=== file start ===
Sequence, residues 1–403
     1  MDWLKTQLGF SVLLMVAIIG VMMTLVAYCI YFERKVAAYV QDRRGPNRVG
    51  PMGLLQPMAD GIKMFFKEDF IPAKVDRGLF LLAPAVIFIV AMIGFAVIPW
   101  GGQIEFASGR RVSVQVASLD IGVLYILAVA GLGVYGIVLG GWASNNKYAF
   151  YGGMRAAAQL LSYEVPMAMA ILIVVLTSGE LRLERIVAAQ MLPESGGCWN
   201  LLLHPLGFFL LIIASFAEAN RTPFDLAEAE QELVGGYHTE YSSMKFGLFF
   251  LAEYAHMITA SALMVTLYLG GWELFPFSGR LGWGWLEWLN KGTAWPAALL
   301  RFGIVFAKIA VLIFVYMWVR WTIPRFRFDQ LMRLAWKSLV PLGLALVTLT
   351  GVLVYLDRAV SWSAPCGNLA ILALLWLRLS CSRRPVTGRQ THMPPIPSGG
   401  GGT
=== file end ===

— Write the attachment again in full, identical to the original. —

Sequence, residues 1–403
     1  MDWLKTQLGF SVLLMVAIIG VMMTLVAYCI YFERKVAAYV QDRRGPNRVG
    51  PMGLLQPMAD GIKMFFKEDF IPAKVDRGLF LLAPAVIFIV AMIGFAVIPW
   101  GGQIEFASGR RVSVQVASLD IGVLYILAVA GLGVYGIVLG GWASNNKYAF
   151  YGGMRAAAQL LSYEVPMAMA ILIVVLTSGE LRLERIVAAQ MLPESGGCWN
   201  LLLHPLGFFL LIIASFAEAN RTPFDLAEAE QELVGGYHTE YSSMKFGLFF
   251  LAEYAHMITA SALMVTLYLG GWELFPFSGR LGWGWLEWLN KGTAWPAALL
   301  RFGIVFAKIA VLIFVYMWVR WTIPRFRFDQ LMRLAWKSLV PLGLALVTLT
   351  GVLVYLDRAV SWSAPCGNLA ILALLWLRLS CSRRPVTGRQ THMPPIPSGG
   401  GGT